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Coding Principles

Clean Code

A Handbook of Agile Software Craftmanship - Bob Martin


  • Don’t reveal implementation detail in variables. e.g., declare accounts instead accountList
  • Use single letter variables only as a local variable
  • No need for prefix on variables and class names. e.g., ICustomer interface
  • Class name should NOT be a verb. Avoid words like Manager, Processor, Data or Info
  • Use a common word per concept across method names and class names. e.g., fetch(), get(), retrieve(). Stick to one.


  • Function should do one thing only. One level of abstraction per function.
  • Switch statement - tolerated if it appears only once at very low level. Hide it with ‘AbstractFactory’ and polymorphism.
  • Function arguments
    • Number of arguments
      • Niladic (zero args) - Best
      • Monadic (1) - Better
      • Dyadic (2) - Good
      • Polyadic (multiple) - Needs good justification
    • Avoid functions with output arguments. e.g., public boolean foo(String input, String output);
    • Passing flags as arguments is ugly. Based on the flag value, the function might perform one or more things. .e.g., render(boolean isSuite). Split the logic into renderForSuite() and renderForSingleTest() to make it explicit.
    • Ambiguity issue with dyadic or polyadic functions with same type of arguments. e.g, assertEquals(int expected, int actual). Make function explicit as assertExpectedEqualsActual(int, int).
    • Fix for polyadic functions
      • Club the different arguments into an object and pass that object as input argument
      • Or, make those arguments are field variables. (only for private functions)
  • Side effects
    • A function promises to do one thing, but it also does other hidden things. e.g., checkPassword(String user, String password) method which authenticates and initializes a user session. Session initialization part is hidden from user.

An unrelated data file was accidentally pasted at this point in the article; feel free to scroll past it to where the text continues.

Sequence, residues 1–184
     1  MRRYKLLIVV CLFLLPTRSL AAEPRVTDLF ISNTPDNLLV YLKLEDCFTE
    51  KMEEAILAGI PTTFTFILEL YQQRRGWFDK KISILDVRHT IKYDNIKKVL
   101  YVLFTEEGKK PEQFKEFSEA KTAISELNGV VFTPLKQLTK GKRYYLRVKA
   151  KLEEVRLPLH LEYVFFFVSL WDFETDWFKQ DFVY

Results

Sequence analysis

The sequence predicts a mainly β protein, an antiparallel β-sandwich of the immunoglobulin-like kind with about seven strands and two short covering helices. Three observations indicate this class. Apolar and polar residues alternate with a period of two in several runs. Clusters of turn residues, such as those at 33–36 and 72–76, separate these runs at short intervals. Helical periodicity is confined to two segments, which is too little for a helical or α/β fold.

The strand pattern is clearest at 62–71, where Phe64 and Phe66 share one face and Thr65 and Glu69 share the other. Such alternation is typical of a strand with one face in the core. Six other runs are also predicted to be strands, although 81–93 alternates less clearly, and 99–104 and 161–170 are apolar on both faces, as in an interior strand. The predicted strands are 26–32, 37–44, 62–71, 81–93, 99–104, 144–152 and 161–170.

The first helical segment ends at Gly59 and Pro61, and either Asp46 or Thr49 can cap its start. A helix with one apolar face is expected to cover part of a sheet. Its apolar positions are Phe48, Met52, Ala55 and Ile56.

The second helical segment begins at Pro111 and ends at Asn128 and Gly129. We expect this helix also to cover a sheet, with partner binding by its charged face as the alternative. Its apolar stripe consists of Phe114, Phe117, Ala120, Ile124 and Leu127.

• Side effects create temporal couplings and order dependencies. Temporal couplings mean that the function can only be invoked at certain times. In the above example, if it is called out of order the current session data might be destroyed.
  • Double take - Any line of code within function that forces you to look at the function signature, then it is called “double take”.
  • Prefer exceptions to return error codes - Function should do one thing. Error handling is another thing. Extract try..catch in a separate function.
 if (delete(page) == OK){
 } else {
       Error out
 } catch (...){
    //Error processing is separated from the happy path
  • Command Query Separation: Functions should either do something or return something, but not both.


  • Vertical Openness - Each group of lines should represent a thought. e.g., given, when & then blocks in unit testing
  • Vertical density implies close association of those lines
  • Vertical distance - concepts that are closely related should be kept close to each other. e.g.,
    • local variable declarations should right before its usage.
    • Instance variables should be at the top of the file, not bottom.
    • Dependent functions should be closer to each other.

Object and Data Structures

  • Getters & Setters - Think before adding them. Blindly adding on every variable beats the purpose of abstraction.
  • Law of Demeter - method chaining on data structure method is ok.